Yes, I live in northern Colorado. All around me are rivers that have overflowed the normal capacities. And yes, the news is all about the waters. I am up, dry (relatively) as water flows downhill, and have food and shelter. I’m lucky. All of this goes into the idea folder for if I ever need to write about natural disasters and whatnot. I’m not planning on writing about the flood.

But the things that have gone on around here have made me acutely aware of the specificity of word choice. Granted, the talking heads on the TV generally do not write their own copy. It is handed to them after cursory editing to get it on the air before anyone else does. I get that. The minutiae a lot of times gets overlooked in the rush. But it can be important.

For example: water is EROSIVE, not generally CORROSIVE. In certain cases, water can be corrosive especially with lead and time. Rust is the result. However when you’re talking about a flood, the water is eroding the substructure of the road/bridge/railroad/building etc. The water is taking the substance away, breaking it up, changing state (dirt to mud, snow to water, for examples) rather than actually changing its nature by a chemical reaction (iron to rust). Mud is much less stable than dirt. The river therefore eroded the support under the road and washed it away.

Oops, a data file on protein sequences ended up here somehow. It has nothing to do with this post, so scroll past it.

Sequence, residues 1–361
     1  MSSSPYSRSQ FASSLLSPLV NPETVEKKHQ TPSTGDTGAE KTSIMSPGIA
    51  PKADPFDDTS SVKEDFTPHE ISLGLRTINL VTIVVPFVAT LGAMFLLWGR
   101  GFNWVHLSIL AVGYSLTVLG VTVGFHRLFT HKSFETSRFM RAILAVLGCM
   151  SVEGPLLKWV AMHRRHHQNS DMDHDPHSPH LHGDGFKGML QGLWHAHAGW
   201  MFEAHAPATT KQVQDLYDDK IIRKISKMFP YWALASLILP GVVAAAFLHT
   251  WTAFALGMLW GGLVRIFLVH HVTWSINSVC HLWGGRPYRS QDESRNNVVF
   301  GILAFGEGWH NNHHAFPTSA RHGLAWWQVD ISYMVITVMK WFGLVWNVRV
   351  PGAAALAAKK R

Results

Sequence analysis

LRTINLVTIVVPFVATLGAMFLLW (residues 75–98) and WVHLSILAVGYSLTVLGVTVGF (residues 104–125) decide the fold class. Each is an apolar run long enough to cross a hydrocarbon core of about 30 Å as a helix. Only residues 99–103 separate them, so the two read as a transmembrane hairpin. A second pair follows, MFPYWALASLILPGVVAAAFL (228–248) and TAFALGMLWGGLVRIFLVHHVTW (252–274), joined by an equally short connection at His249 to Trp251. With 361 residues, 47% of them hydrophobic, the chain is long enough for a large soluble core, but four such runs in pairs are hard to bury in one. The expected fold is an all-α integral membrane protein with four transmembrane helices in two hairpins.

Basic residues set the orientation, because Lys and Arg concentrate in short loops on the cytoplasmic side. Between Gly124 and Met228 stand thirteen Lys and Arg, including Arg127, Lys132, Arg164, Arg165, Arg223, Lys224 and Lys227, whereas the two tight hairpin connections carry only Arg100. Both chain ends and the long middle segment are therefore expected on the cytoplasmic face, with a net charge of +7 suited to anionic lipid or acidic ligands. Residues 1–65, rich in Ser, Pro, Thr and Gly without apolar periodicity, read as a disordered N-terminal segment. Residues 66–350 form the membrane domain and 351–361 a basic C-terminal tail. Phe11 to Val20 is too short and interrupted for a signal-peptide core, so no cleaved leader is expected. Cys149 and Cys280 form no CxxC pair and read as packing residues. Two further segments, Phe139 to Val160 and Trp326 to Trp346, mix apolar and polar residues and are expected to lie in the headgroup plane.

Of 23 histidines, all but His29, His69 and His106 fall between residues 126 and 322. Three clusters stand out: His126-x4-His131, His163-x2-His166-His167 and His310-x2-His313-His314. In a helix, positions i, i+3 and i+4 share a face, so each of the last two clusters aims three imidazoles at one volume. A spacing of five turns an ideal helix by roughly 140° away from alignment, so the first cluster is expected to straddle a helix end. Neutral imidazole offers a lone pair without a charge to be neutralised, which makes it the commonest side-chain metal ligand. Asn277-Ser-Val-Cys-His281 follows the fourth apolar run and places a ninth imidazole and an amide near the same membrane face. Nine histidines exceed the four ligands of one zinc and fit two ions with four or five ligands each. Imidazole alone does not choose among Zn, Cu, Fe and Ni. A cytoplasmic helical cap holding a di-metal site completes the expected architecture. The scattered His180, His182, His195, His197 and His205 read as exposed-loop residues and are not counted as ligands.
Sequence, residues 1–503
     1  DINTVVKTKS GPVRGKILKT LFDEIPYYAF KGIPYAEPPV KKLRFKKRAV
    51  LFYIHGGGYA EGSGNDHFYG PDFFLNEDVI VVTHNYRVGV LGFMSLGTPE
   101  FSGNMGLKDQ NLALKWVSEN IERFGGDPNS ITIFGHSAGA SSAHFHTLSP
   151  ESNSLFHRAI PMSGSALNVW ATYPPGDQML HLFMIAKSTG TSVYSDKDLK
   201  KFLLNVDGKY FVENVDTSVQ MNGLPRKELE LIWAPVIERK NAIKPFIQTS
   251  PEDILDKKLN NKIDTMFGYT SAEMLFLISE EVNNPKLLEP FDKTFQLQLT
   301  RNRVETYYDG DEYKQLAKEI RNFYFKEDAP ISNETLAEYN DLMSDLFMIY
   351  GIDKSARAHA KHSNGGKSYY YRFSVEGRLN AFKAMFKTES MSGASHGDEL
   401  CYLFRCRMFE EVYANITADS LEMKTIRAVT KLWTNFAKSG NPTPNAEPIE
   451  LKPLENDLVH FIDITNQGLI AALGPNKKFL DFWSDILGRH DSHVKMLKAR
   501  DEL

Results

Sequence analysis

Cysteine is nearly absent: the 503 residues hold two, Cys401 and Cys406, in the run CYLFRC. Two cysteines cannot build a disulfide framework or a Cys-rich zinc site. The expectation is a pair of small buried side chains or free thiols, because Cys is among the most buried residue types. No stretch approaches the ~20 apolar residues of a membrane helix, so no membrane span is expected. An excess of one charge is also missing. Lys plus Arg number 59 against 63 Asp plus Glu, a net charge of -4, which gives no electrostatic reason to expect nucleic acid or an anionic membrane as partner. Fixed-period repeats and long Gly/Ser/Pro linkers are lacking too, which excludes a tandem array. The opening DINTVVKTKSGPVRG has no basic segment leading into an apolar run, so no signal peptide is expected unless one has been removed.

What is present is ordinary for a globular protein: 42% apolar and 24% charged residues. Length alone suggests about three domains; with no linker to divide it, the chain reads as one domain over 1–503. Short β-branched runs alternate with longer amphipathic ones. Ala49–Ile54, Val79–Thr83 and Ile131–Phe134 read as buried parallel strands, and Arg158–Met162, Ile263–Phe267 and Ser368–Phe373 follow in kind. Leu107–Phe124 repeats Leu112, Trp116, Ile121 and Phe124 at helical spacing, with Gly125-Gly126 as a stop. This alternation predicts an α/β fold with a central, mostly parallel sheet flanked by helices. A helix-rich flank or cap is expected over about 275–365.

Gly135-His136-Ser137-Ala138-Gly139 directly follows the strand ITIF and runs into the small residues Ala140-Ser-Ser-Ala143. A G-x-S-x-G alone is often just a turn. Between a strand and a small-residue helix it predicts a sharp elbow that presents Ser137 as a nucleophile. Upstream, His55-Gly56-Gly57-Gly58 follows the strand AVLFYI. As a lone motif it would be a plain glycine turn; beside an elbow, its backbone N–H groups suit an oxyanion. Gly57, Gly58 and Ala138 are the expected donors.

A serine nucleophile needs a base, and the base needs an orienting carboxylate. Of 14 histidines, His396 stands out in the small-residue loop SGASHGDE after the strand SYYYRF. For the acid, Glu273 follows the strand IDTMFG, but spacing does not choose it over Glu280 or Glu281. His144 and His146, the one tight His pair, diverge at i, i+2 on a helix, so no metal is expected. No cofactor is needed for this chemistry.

The term 100 year flood is another specific example. There is a 1% probability of a flood of this magnitude happening each year. Where people get confused is that they say it is a 100 year flood. No, it’s just a possibility of 1 chance in 100 of it happening each year. It could happen again next year and then not again for 1000 years, we still have the same 1% chance. 1 chance in 100 does not mean that it only happens once every 100 years.

Now does this really matter amidst all the destruction and suffering going on due to these floods? No, not really. But as a writer, when you go back and edit what you’ve written make sure that the words you’ve chosen mean what you really intend them to mean. Write on.


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